Below is a CHD fact sheet. Research is terribly underfunded! Please raise awareness!
CHD FACT SHEET
Incidence, Morbidity & Mortality
- Congenital heart defects are America’s and every country’s #1 birth defect. Nearly one of every 100 babies is born with a CHD.
- Congenital heart defects are the #1 cause of birth defect related deaths.
- Congenital heart defects are the leading cause of all infant deaths in theUnited States.
- Each year approximately 40,000 babies are born in the United Stateswith a congenital heart defect. thousands of them will not reach their first birthday and thousands more die before they reach adulthood.
- Each year over 1,000,000 babies are born worldwide with a congenital heart defect. 100,000 of them will not live to see their first birthday and thousands more die before they reach adulthood.
- The Children’s Heart Foundation is the only organization that was created to exclusively fund congenital heart defect research.
- The Children’s Heart Foundation has directed $3 million to 34 basic science, translational and clinical CHD research projects at leading research centers across the US and Canada.
- CHF has published and distributed 15,000 copies of It’s My Heart, a patient and parent resource book.
- CHF has established five Chapters and has volunteers in many USstates.
- Almost half all children and adults with complex congenital heart disease have neurological and developmental disabilities.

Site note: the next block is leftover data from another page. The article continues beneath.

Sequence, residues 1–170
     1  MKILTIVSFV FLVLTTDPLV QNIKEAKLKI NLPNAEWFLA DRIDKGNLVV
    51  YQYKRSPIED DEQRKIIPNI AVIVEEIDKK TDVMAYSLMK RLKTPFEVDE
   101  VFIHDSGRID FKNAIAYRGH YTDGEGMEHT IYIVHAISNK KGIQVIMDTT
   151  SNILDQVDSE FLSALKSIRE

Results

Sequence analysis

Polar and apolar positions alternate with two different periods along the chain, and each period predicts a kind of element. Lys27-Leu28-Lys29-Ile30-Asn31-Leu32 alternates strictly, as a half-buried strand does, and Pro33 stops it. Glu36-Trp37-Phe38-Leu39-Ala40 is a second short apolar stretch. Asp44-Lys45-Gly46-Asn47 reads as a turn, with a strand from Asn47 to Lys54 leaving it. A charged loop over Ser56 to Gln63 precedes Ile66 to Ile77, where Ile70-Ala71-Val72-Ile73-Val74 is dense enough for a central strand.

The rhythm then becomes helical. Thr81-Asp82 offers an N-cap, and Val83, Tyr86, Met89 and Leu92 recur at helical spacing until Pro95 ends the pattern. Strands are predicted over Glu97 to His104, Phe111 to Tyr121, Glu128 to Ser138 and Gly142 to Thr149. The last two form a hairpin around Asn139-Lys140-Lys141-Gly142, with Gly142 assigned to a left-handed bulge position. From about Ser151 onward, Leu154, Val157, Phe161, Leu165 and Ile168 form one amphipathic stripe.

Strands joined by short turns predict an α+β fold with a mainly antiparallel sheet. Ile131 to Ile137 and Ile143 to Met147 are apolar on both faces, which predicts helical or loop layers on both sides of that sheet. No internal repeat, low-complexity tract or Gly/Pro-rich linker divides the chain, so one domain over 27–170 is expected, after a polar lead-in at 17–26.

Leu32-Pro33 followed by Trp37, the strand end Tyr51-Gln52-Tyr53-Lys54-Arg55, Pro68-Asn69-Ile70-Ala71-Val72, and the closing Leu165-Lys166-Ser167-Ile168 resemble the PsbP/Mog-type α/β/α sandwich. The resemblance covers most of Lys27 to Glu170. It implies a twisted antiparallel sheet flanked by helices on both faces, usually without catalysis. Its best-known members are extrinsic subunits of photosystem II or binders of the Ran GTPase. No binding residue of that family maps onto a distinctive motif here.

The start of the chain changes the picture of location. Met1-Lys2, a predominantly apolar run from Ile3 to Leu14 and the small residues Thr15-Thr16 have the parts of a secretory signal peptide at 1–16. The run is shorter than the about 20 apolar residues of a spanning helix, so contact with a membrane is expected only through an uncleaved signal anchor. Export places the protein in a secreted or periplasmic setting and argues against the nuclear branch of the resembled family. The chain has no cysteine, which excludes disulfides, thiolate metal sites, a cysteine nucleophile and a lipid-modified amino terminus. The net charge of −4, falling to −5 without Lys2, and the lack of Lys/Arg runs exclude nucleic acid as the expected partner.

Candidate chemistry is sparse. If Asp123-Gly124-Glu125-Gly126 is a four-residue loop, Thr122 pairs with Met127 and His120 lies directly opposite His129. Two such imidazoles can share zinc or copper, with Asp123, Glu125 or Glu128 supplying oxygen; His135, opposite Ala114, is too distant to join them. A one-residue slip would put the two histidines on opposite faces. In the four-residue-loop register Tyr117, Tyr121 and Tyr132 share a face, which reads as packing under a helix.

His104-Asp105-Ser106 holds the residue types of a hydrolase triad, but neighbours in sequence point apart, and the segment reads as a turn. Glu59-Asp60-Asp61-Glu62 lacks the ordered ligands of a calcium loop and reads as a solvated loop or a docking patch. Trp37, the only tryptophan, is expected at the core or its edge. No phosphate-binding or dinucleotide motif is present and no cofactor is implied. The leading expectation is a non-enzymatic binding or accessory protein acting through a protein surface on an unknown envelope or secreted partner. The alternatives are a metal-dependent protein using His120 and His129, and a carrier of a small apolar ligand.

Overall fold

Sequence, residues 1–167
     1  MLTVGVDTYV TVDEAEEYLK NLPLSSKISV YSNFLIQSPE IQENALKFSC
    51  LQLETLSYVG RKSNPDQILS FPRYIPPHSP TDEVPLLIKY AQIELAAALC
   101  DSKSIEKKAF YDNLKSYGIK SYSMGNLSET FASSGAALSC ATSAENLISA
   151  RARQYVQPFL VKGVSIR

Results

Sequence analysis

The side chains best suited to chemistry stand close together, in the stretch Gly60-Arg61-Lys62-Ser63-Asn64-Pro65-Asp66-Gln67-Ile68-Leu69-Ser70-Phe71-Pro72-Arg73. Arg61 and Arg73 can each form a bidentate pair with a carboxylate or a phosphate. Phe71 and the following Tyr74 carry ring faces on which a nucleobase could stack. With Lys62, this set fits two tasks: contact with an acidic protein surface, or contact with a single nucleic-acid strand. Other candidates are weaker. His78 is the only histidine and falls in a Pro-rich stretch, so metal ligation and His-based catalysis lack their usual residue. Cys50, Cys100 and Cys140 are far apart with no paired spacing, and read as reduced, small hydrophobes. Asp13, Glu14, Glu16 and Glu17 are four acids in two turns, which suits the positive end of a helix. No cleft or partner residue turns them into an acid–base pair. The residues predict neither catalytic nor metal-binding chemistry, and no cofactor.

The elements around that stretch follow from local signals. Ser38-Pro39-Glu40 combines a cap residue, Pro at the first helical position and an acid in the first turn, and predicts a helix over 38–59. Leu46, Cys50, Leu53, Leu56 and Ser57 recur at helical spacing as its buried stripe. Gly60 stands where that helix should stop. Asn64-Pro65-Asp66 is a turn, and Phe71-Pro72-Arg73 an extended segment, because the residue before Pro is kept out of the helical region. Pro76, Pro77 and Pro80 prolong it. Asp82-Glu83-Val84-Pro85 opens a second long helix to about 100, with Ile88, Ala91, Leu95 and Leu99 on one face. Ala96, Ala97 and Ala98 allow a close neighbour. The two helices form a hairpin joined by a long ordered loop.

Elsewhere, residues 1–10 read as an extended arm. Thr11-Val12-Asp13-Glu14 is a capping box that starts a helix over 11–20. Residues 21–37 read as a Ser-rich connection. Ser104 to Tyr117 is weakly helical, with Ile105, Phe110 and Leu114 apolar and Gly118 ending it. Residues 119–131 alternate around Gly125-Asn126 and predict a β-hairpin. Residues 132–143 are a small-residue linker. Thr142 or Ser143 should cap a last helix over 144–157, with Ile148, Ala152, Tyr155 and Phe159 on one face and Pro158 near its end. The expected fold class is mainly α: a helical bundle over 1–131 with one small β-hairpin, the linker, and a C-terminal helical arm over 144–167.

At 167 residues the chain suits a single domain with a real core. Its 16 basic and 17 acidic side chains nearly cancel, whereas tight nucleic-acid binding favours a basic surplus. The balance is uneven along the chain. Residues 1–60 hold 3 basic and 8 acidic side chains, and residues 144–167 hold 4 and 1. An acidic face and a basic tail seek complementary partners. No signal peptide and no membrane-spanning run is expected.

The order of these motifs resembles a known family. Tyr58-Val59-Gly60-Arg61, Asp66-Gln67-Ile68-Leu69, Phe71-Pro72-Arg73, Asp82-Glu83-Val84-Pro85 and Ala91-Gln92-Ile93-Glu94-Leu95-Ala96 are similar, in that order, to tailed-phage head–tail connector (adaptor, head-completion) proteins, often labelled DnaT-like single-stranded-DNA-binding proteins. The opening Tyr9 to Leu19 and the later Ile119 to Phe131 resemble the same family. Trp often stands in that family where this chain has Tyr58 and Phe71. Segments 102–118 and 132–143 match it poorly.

- There are an estimated 2,000,000 CHD survivors in the United States.
- For the first time, more than 50% of the CHD survivors are adults.
- 10% of all CHD cases evaluated in an Adult CHD clinic are first diagnosed in adulthood.
- 91,000 life years are lost each year in this country due to congenital heart defects.
- The cost for inpatient surgery to repair congenital heart defects exceeds $2.2 billion a year.
General CHD FACTS
- More than 50% of all children born with congenital heart defect will require at least one invasive surgery in their lifetime.
- There are more than 40 different types of congenital heart defects. Little is known about the cause of most of them. There is no known prevention or cure for any of them.
- In the United States, twice as many children die from congenital heart defects each year than from all forms of childhood cancer combined, yet funding for pediatric cancer research is five times higher than funding for CHD.
Research Allocations & Impact
- Congenital heart defects are common and deadly, yet CHD research is grossly under-funded relative to the prevalence of the disease.
- Only one penny of every dollar donated to the American Heart Association goes towards congenital heart defect research.
- Of every dollar the government spends on medical funding only a fraction of a penny is directed toward congenital heart defect research.
- The NHLBI has stated that Congenital Heart Defects are a serious and underappreciated global health problem.
In the last decade death rates for congenital heart defects have declined by almost 30% due to advances made through research.
*taken from http://www.childrensheartfoundation.org/about-chf/fact-sheets